We throw around the phrase "sudden death" in football so much that it loses its impact. When someone in the game dies as suddenly as Northwestern coach Randy Walker did Thursday night at the age of 52, the force of those words lands like a two-by-four to the chest.
Oklahoma offensive line coach James Patton left Walker's staff a few months ago. Patton set out in the car Friday morning with his wife Nichole and their three children on their family vacation. When his phone rang, it was all he could do not to choke up at every sentence.
"I played for him for three years at Miami [Ohio]," Patton, 35, said. "I was a graduate assistant coach for him for two years. I coached with him at Miami for one year and Northwestern for seven. I spent a lot of time with him."
Patton warned me that cell phone reception might be spotty. When it became difficult to understand him, it took me a couple of exchanges to realize it had nothing to do with the cell phone reception, and everything to do with Patton's heart rising into his throat.
"Coach had a lot of passion for the game," Patton said. "He was a great worker, very competitive, a very hard-nosed guy. He was a great motivator. He put a very big emphasis on hard work and being disciplined, playing together as a team. All the clichés that everybody talks about, he expected those things."
In 1989, Patton's freshman year at Miami (Ohio), the team won two games, which was two more than it had won the previous year. Under Walker, the RedHawks went 5-5-1 in 1990. In his nine years there, he had only one losing season.
"We all wanted to play. We all loved it," Patton said. "He taught us how hard we had to work, the focus we had to have, the things we needed to be a good team."
Walker demanded the simple stuff, even more so at Northwestern, a school without the resources -- monetary or athletic -- that the other schools in the Big Ten have at their disposal. Combine that discipline with the innovative spread offense Walker employed, and the results have been significant.
He finished seven seasons there with a record of 37-46 (.446), better than his predecessor, Gary Barnett, better than any Wildcats coach since Ara Parseghian left Evanston, Ill., in 1963 to coach at Notre Dame. Walker coached Northwestern to a share of the 2000 Big Ten championship. He is also the only coach in 118 seasons of Northwestern football to have taken the school to three bowl games.
The Wildcats beat every team in the Big Ten at least once. They beat every team but Ohio State and Michigan at least twice. If anyone questioned the regard given Walker, he got the ultimate industry compliment after last season. Cal coach Jeff Tedford, considered one of the best offensive minds in the game, hired Walker's offensive coordinator, Mike Dunbar. Oklahoma coach Bob Stoops hired Patton.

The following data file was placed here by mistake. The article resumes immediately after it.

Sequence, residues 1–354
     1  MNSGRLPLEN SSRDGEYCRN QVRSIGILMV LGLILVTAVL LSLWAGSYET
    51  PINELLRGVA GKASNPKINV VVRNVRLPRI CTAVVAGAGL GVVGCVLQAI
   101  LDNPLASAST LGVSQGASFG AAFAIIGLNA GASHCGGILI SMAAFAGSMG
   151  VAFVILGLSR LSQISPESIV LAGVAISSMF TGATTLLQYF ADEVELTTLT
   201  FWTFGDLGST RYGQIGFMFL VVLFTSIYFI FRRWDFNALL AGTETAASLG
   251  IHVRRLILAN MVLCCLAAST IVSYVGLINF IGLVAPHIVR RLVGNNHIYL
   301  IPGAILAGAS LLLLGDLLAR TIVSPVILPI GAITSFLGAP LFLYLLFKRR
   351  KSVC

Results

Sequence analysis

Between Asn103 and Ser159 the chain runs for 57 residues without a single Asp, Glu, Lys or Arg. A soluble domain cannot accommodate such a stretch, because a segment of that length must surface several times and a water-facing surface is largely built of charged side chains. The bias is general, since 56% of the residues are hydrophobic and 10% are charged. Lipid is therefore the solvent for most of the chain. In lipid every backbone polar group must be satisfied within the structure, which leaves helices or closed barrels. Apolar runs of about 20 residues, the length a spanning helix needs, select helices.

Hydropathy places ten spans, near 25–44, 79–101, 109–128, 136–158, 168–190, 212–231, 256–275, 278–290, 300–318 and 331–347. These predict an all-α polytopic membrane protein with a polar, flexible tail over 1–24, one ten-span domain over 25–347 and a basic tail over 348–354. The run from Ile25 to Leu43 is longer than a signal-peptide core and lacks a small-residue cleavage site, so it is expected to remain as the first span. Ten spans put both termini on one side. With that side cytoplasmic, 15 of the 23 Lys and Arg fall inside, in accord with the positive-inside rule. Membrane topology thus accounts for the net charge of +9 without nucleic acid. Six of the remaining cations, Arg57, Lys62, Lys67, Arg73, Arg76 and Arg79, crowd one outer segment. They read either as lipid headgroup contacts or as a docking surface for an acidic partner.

Yet Walker carried no pretensions. He never had them. His coach at Miami (Ohio), Bill Mallory, called him "hard-nosed" and "blue collar" as a running back. Even as Northwestern enjoyed respect and success rare for the most prestigious academic institution in the Big Ten, Walker never adjusted his regular-guyness. Two memories of Walker that stick out speak to his lack of airs.
One memory is not my own, but belongs to Andy Bagnato of the Associated Press, who lived in Evanston when he worked for the Chicago Tribune. Bagnato told me about driving past Walker's home on a hot summer day, and there the head coach was, sweating behind a lawn mower. The number of head coaches who mow their own lawns in these CEO-salary days could be counted on one hand with a few fingers to spare.
The other memory is of a spring practice reporting trip I made a few years ago on a March day when the wind that swept off Lake Michigan and across the practice field hadn't been informed that spring had begun. Walker wore his trademark shorts and never shivered.
Afterward, his wife Tammy showed up with their dog. They walked the dog at dusk like any other suburban empty nesters.
Tammy survives him, as does their son Jamie, a recruiting assistant on the Northwestern staff, and daughter Abbey. As does an entire football community.
"We had good kids. Coach Walker was a leader," Patton said. "They played real hard, you know?" His voice began to crack. "That was Coach's strength, his strength." Patton's voice gave way. He and his wife were on their way to visit family in Ohio and Indiana. There would be an unscheduled stop in Evanston, too.
Ivan Maisel is a senior writer for ESPN.com. Send your question/comments to Ivan at firstname.lastname@example.org.